• Patient Adherence to Follow-up Care After DR Screening in a Public Health Setting

    By Lynda Seminara and edited by Neil M. Bressler, MD

    Journal Highlights

    JAMA Ophthalmology, November 2016

    Download PDF


    The success of public health screening programs for diabetic retinopathy (DR) depends on patients’ adherence to the recommended follow-up schedules. Keenum et al. determined the adher­ence rate for patients screened at a pub­lic county-funded clinic and examined factors associated with attaining follow-up eye care. The majority of their large­ly African American study population did not observe the recommended follow-up schedules. Those most likely to adhere were older and aware of their glycated hemoglobin level.

    This prospective study included 949 adults (aged 21-95 years) who had been diagnosed with diabetes type 1 or 2. The mean duration of diabetes at DR screening was 9.6 years. Most partici­pants were African American (85%), and many lacked health insurance (72%). However, county residents have access to the clinic’s services regardless of their ability to pay or their insurance status.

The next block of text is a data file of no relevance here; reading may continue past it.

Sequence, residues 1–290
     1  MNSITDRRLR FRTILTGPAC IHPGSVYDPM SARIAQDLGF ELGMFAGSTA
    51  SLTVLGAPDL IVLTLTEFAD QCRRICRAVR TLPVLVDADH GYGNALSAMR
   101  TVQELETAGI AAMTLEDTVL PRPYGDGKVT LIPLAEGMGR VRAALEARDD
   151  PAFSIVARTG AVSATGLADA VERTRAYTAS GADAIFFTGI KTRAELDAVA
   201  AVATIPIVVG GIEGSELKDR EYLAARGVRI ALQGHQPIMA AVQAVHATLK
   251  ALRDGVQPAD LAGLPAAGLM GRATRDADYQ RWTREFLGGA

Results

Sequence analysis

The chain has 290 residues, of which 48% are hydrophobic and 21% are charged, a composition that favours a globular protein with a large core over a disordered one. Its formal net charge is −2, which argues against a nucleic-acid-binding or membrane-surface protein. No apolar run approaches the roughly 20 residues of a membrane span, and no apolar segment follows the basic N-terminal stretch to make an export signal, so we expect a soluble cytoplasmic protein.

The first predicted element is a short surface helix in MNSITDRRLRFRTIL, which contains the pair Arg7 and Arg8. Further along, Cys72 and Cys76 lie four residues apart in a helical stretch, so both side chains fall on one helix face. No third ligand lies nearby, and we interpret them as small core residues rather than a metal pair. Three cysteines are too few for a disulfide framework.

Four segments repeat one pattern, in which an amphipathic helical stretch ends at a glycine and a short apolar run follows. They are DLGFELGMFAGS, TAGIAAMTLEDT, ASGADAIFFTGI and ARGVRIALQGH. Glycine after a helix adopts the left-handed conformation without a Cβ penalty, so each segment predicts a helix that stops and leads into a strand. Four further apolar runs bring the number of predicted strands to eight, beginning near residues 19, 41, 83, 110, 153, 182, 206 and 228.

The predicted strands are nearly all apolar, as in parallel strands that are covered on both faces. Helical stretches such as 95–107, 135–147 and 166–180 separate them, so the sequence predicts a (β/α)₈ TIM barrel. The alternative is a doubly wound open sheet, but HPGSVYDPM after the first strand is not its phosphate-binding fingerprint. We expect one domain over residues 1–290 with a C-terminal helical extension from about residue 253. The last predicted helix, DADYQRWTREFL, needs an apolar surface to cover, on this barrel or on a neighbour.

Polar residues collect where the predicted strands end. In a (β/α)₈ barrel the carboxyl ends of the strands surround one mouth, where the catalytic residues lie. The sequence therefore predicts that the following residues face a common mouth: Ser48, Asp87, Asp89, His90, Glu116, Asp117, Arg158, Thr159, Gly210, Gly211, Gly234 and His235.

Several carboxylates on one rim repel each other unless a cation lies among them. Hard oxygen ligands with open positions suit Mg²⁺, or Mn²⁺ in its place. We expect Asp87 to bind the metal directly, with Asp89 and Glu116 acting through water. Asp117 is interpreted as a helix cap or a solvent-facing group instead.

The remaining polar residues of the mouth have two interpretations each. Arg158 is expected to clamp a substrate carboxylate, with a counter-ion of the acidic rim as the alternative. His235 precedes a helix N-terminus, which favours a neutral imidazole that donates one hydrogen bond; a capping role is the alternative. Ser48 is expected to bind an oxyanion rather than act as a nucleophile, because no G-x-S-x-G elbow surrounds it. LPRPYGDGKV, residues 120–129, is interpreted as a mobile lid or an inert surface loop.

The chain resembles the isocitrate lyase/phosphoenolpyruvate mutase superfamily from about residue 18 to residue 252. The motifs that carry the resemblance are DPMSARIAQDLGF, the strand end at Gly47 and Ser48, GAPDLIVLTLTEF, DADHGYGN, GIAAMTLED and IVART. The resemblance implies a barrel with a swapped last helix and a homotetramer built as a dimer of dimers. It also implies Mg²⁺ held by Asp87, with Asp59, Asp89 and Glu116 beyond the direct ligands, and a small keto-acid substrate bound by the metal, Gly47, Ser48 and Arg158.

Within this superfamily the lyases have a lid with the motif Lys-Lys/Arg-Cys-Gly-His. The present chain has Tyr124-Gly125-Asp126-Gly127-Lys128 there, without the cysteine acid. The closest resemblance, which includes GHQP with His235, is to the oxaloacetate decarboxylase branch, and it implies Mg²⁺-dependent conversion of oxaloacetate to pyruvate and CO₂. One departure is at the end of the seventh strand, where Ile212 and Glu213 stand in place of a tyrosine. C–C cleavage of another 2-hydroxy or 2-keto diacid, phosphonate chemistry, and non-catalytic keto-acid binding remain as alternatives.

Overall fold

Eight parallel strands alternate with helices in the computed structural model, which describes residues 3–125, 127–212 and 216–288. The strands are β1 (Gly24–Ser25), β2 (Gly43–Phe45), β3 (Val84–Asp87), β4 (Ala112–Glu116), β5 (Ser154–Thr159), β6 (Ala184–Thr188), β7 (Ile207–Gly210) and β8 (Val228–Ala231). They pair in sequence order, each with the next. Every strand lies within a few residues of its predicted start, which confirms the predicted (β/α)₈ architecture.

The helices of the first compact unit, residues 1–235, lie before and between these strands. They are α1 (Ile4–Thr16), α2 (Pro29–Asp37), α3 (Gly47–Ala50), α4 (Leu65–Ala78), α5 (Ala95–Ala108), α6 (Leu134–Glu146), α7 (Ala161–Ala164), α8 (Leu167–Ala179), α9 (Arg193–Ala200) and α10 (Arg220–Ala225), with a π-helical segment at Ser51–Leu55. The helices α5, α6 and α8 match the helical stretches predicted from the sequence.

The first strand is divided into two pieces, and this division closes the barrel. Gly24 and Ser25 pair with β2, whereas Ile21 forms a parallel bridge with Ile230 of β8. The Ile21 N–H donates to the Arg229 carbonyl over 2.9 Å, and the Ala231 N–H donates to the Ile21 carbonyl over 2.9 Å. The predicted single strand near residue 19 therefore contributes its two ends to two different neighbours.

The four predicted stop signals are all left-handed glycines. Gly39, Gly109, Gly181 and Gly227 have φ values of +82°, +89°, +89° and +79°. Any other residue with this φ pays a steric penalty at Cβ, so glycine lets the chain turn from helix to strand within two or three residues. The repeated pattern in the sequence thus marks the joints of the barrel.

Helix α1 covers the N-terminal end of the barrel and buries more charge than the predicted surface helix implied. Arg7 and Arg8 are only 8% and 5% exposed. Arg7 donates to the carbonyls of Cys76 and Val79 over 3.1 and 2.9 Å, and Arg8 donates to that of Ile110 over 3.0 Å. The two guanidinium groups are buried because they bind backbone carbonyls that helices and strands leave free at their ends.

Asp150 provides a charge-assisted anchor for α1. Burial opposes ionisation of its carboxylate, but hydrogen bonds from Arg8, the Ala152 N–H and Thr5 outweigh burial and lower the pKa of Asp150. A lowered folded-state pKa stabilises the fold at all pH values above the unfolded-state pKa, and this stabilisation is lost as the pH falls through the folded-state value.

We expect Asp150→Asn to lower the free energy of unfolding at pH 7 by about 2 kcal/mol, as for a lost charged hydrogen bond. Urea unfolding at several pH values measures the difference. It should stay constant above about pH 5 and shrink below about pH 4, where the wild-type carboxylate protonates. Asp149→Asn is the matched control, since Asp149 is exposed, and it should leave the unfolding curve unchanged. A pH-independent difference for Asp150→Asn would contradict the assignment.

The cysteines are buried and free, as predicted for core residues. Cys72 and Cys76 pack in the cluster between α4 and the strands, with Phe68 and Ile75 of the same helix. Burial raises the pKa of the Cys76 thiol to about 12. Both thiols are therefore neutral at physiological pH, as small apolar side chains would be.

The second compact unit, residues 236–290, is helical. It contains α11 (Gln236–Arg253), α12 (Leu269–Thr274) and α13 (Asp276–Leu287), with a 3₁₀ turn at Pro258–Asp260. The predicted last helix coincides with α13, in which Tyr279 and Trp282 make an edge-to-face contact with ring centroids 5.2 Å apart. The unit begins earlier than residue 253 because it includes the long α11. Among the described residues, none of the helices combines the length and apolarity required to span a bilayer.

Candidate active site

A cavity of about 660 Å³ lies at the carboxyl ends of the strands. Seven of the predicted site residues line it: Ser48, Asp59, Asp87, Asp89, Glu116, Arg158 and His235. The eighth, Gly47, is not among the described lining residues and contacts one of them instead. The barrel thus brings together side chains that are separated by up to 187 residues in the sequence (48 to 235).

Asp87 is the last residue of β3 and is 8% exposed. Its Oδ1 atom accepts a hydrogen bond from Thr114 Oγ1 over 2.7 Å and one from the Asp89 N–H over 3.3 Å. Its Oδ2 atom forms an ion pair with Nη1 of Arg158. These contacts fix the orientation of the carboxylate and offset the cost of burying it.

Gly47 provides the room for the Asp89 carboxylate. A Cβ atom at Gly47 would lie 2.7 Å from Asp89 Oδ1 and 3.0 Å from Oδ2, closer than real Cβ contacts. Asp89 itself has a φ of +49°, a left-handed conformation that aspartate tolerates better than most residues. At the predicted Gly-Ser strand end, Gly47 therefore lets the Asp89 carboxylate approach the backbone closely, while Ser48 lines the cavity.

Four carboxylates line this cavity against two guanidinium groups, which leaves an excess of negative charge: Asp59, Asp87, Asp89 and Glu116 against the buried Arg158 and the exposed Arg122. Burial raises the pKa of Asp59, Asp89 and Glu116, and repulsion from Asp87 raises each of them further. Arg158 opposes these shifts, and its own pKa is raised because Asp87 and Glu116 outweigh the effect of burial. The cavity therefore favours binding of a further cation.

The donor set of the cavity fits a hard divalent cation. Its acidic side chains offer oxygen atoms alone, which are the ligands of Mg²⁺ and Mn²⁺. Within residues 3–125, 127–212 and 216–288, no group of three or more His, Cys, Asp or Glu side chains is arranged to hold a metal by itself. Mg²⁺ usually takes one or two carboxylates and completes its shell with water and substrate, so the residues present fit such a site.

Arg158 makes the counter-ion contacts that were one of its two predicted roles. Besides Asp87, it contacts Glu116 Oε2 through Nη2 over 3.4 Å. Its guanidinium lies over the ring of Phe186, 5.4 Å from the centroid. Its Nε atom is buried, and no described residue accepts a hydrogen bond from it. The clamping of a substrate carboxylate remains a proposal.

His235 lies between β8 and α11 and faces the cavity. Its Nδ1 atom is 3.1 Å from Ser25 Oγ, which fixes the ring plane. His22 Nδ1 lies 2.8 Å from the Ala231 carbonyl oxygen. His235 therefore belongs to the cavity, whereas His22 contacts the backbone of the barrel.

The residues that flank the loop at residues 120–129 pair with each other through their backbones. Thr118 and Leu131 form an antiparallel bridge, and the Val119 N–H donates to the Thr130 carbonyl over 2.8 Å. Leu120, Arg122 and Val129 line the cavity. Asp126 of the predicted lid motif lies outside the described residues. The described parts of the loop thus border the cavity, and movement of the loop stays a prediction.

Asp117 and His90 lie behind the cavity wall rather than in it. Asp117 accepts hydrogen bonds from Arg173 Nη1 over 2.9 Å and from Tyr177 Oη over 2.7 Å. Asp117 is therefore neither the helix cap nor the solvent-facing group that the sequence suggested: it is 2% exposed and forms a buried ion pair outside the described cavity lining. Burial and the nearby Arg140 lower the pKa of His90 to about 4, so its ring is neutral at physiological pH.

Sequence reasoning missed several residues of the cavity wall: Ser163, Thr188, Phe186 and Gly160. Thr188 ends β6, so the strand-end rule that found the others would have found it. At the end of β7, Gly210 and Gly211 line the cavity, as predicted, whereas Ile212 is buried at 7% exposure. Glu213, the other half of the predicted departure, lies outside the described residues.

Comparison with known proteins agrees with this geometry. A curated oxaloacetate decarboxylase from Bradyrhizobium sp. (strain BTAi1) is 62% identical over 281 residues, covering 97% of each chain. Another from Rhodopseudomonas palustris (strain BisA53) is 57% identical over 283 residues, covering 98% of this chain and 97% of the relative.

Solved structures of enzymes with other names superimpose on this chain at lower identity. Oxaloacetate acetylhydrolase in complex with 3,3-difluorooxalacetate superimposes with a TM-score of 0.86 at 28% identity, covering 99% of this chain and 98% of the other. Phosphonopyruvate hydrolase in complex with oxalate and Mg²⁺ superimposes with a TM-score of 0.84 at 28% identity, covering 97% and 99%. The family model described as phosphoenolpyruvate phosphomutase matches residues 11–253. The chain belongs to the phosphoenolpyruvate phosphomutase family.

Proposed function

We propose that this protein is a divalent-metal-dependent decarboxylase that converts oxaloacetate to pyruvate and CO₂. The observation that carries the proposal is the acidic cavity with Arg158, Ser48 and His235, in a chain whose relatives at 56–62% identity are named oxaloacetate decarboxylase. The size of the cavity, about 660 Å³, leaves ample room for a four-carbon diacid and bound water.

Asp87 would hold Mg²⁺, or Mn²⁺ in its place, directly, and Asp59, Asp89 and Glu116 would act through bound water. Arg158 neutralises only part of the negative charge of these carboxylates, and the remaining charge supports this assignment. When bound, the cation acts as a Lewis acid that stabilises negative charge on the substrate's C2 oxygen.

Although all enrollees had been cautioned that the screening program is not a substitute for comprehensive examination by an ophthalmologist, only 30% observed their recommended schedule for follow-up eye care. Within 2 years of the screening, 51% had not received a subsequent eye exam. Factors associated with adherence were advanced age (odds ratio [OR], 1.02; 95% CI, 1.01-1.04) and knowing one’s glycated hemoglobin level (OR, 2.00; 95% CI, 1.34-2.97). However, agreeing to assistance in making follow-up ap­pointments was associated with nonad­herence (OR, 0.67; 95% CI, 0.45-0.99). Younger adults, who were more likely to be employed than older adults, were less likely to adhere to the recommend­ed follow-up regimens, perhaps due to inconvenience or concerns about lost wages on days of follow-up care.

    The authors concluded that even when cost and accessibility barriers are minimized, DR screening programs are unlikely to meet their goals without the incorporation of eye health education initiatives that promote adherence to the comprehensive care required to prevent vision loss. Combining such efforts is especially important in light of the soaring prevalence of diabetes.

    The original article can be found here.